Frequently Asked Questions
Q. What are the most common applications of cellulose?
A. Attics, basement ceilings, sidewalls, and crawl spaces are the most common applications. The ease with which cellulose can be installed makes it the perfect solution for retrofit attics. Cellulose loose fill can be blown in which makes it easy to install from one location to reach all areas. In the attic, cellulose compares more favorably than fiberglass because it has a greater R-value per inch. Cellulose can be used in uninsulated walls by drilling holes, blowing it in, and plugging up the holes.
Q. What is cellulose insulation?
A. Cellulose insulation is manufactured from material prepared from natural wood fibers and treated chemically so that it meets federal standards for flame resistance and the ability to resist corrosion. Generally, recycled newspapers are the raw material used in cellulose insulation.
Q. What are the benefits of using cellulose insulation?
A. Cellulose has many advantages:
- Thermal effectiveness is measured in R-values. The “R” stands for resistance to the flow of heat. The R-value of any material is the measure of how well it resists the flow of heat into a home in the summer or out of the home in the winter. The higher the R-value the more the material resists the flow of heat. Cellulose insulation has a higher R-value that that of fiberglass or rock wool. The nominal R-value per inch of cellulose is 3.6 compared to 2.2 for loose fiberglass and 2.9 for rock wool.
- Air Infiltration Resistance-Studies have shown that more than 30%of average home heating cost is to combat air infiltration through the walls. Natural cellulose fibers, blown in between walls, effectively seals all air gaps and creates a barrier against air convection. Conventional insulation batts cannot completely fill cavities. This allows air to circulate inside the walls, bringing cold air in direct contact with the interior wall. The inside wall is cooled which, in turn, cools household air near it. The cooled air then drops to the floor starting an uncomfortable air flow. Cellulose prevents this and results in lower heating costs and a comfortable draft free home.
- Free of health concerns-Unlike fiberglass, cellulose insulation does not contain glass fibers and there is no itching or scratching of the skin during installation. Fiberglass carries a federal government warning that it is possibly a carcinogenic. There are no such concerns with cellulose insulation. Cellulose is one of the few insulation materials that does not contain formaldehyde.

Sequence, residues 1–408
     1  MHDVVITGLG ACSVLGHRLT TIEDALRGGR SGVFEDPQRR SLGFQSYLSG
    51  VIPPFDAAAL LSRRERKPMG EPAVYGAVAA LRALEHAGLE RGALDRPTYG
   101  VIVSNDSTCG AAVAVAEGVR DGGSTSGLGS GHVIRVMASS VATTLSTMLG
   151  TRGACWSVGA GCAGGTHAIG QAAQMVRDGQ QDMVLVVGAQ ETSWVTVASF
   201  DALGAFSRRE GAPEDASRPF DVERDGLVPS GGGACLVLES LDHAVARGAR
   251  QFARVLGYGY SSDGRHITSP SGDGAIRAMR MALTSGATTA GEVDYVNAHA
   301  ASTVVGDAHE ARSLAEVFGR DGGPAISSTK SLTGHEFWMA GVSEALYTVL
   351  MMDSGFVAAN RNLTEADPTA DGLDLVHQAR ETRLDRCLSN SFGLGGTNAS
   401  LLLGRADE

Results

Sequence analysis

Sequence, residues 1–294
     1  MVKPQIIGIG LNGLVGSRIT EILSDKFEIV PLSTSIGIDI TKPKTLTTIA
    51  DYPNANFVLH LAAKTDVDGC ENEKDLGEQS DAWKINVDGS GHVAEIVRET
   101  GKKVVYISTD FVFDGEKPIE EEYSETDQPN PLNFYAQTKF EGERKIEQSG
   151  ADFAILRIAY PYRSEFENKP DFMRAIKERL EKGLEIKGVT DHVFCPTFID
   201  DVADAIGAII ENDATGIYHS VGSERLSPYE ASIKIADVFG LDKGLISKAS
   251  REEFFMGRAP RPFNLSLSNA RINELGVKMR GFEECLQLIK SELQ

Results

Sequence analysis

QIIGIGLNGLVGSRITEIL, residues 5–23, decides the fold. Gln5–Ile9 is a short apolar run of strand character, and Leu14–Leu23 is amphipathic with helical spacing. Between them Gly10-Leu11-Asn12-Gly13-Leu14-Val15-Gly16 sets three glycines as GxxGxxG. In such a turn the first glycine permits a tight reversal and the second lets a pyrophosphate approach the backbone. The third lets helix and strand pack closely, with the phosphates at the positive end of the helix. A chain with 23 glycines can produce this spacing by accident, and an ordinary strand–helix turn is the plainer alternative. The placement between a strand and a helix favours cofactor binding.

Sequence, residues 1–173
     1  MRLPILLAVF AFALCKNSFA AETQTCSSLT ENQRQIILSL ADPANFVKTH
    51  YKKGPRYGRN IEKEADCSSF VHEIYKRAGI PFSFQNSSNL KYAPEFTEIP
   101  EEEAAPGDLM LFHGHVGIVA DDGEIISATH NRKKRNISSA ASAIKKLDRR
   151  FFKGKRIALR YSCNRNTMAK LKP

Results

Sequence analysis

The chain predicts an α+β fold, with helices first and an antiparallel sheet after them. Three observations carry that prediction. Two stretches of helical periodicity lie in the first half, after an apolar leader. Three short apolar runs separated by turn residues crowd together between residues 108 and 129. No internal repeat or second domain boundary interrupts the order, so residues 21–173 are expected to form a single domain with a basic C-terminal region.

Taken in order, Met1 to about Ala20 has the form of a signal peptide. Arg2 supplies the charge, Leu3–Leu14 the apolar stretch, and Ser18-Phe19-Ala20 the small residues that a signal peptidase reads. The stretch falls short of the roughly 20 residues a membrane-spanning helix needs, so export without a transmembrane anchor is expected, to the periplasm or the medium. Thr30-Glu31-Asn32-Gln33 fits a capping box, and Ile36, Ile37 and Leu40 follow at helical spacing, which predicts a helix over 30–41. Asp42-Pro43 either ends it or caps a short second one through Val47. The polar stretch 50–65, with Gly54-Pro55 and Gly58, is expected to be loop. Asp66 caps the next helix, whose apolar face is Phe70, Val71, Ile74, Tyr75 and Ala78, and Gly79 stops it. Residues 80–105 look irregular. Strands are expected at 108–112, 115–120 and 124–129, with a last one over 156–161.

- Moisture Control-Unlike other material fibers, cellulose “breathes”. This means that the humidity in the air is absorbed by the cellulose during periods of high humidity. When the humidity drops, the cellulose fibers remit moisture just as readily. In the case of mineral fibers, water condenses on the fibers, displacing the air pockets (which are the insulating medium). In severe cases, water will run down the inside wall cavity. This can lead to rotting of attic floors and peeling paint on ceilings and walls. Inside walls, this moisture can cause structural damage.
Q. Does cellulose aid in noise control?
A. Absolutely! Cellulose is a very effective sound insulator and is often used in condominium developments between units for noise control. It also cuts down on noise between the floors of your home.
Q. Is cellulose insulation flammable?
A. Properly treated and installed, cellulose is a flame-resistant material that can safely be used in the home. Since 1978, cellulose insulation has been manufactured to comply with a new government safety standard. To meet the standard, cellulose insulation must pass two tests that determine its resistance to both flaming and smoldering combustion. A number of experiments conducted under the supervision of fire prevention experts have demonstrated that cellulose insulation, compared to all other types tested is a superior fire barrier and provides substantial additional time for the occupants of a burning dwelling to escape.